Viva Reflections and Feedback

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Today I got my feedback for my viva mock presentation. I got told that I did really well so that has boosted my confidence. I tried to make the presentation interactive as this is what I am aiming to do with my work. I also want my work to appeal to the senses so I gave the tutors objects (a rock each) to hold while I was talking about them, which made it easier to communicate my ideas and allowed the tactile nature of the object to hopefully keep them engaged in my talk, which from my feedback today I have learnt seemed to work as I had hoped.

In the viva my ideas and research was well received and the discussion at the end allowed me focus my thoughts on what to develop in the final few months. It was decided that the book idea didn’t work as I had replicated a rock to create the cover and back. This was for the logistics of making the book however I missed the bigger picture, that by replicating the rock I lost the curiosity surrounding it as the marks were now made by me and not the sea creatures, however I enjoyed the process of replicating in clay as it allowed me to take a closer look at the object and in a way follow the path of the worm. An interesting conversation emerged in my viva about replicas and their place within museums. This is something that I have been thinking about since the viva. Although I am steering away from my previous idea of creating a cave structure and replicating rocks in clay for my degree show work, I still have an interest in the latter in particular, Henry Moore’s Wunderkammer juxtaposed his sculptures heavily inspired by natural objects next to the real objects themselves and I loved this effect as you could instantly see how they informed each other, although slightly differently Moore didn’t replicate but took inspiration from and maybe this is the key.

After having a few days away to reflect on the viva and seeing one of my favourite artist’s talk in Falmouth, I now feel refreshed and inspired to take the project forward. Next week I will have a space in order to create my latest installation idea however for this week I am preparing for this in making sure I have materials I need and measuring up the space. I have also decided to create more paintings, I have been meaning to do this for a while and as I have this week free to do this, I want to get back to painting. The paintings I have done so far have received good feedback and I am happy that they achieve my aim of taking the viewer into the worm’s world, therefore I thought I’d create a few more and delve even deeper into the world of the worm.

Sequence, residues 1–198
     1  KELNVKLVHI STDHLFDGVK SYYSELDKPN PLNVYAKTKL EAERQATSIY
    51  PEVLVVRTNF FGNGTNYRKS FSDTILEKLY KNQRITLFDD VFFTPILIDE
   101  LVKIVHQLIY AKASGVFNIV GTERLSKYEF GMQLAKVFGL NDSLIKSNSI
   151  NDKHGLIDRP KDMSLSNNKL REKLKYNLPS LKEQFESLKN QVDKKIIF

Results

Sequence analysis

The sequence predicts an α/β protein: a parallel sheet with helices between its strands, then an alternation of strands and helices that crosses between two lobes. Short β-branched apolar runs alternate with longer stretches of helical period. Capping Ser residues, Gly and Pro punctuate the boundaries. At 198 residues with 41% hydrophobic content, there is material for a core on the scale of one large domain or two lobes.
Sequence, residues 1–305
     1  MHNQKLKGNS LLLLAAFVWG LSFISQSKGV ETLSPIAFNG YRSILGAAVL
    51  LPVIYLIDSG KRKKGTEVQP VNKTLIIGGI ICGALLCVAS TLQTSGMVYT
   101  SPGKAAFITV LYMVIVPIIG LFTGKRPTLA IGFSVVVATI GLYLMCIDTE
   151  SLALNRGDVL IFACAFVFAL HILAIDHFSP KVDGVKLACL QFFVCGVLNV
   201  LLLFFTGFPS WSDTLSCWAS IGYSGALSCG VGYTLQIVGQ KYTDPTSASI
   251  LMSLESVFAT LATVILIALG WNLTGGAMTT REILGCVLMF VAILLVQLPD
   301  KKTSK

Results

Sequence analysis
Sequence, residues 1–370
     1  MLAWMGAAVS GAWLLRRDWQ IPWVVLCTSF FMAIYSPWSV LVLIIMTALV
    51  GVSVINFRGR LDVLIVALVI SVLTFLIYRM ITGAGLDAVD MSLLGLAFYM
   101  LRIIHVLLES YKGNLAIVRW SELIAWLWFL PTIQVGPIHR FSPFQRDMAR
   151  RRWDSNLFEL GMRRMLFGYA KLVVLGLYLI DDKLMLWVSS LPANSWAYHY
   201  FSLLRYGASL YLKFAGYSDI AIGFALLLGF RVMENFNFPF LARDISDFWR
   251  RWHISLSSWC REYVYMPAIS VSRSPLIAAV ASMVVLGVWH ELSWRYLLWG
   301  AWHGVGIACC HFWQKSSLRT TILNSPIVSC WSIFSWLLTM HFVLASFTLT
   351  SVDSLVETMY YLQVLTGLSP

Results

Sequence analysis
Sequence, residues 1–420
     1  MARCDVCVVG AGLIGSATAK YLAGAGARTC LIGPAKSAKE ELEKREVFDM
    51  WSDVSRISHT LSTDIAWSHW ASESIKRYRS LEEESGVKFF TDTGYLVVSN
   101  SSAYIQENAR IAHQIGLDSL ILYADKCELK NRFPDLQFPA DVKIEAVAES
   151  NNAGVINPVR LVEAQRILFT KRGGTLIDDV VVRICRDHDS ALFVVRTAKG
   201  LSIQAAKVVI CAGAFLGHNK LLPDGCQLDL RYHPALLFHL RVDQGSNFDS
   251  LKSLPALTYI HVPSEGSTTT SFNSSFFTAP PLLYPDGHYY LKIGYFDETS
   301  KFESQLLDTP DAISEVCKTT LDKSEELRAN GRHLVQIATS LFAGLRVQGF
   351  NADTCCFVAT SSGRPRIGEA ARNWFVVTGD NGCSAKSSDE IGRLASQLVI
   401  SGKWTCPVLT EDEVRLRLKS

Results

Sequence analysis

Although previously I have had many ideas about ways I can include the paintings in some way for the degree show, maybe not the physical originals, but in print in a book etc however in my viva we also discussed the paintings and how they as originals are more powerful than when they are replicated and reduced to be put in a book. I definitely agree with this as when I have printed off images of my paintings on a smaller scale, they lose a lot including their texture and detail. Therefore I was advised to not include images of my paintings in my book but instead make the book a separate creation, thinking more about the structure. I think I need to take a look back at my tutorial with Tom Martin a few weeks ago as he brought up some very interesting ideas about ways to push the idea of a book so that it becomes a sculpture in itself, where the form of the book reflects the narrative of my story ie: the worm travelling through the network inside the rock. How can this be portrayed? Cut out sections and thread to weave though it? Also what about creating a rock structure from the paper and having the thread going through?

Sound became a subject of major discussion in my viva. I introduced this as a way I am currently thinking to create atmosphere and add to the multi-sensory aspect of my work. I also love the idea of portraying the presence of the worm through sound, as I have steered clear of drawing the character throughout the project, this could be an effective and subtle way of enhancing the narrative.  It was also suggested that sound can go beyond creating atmosphere and create music. I’m unsure about this but if I was to invite people to make sounds with the rocks this would make the piece more interactive and the collected sounds could form a symphony of sounds that could be made into something… as the project continues….

My favourite moment of my viva was when it was jokingly suggested that I should.. BECOME THE WORM! Maybe I’ll dress up as a worm for my real viva! We’ll see… but thinking in a more serious way, in many ways I am already becoming the worm as I think how it would travel through the passages in the rock, what it would see, feel and hear to translate these sensory qualities into my work.

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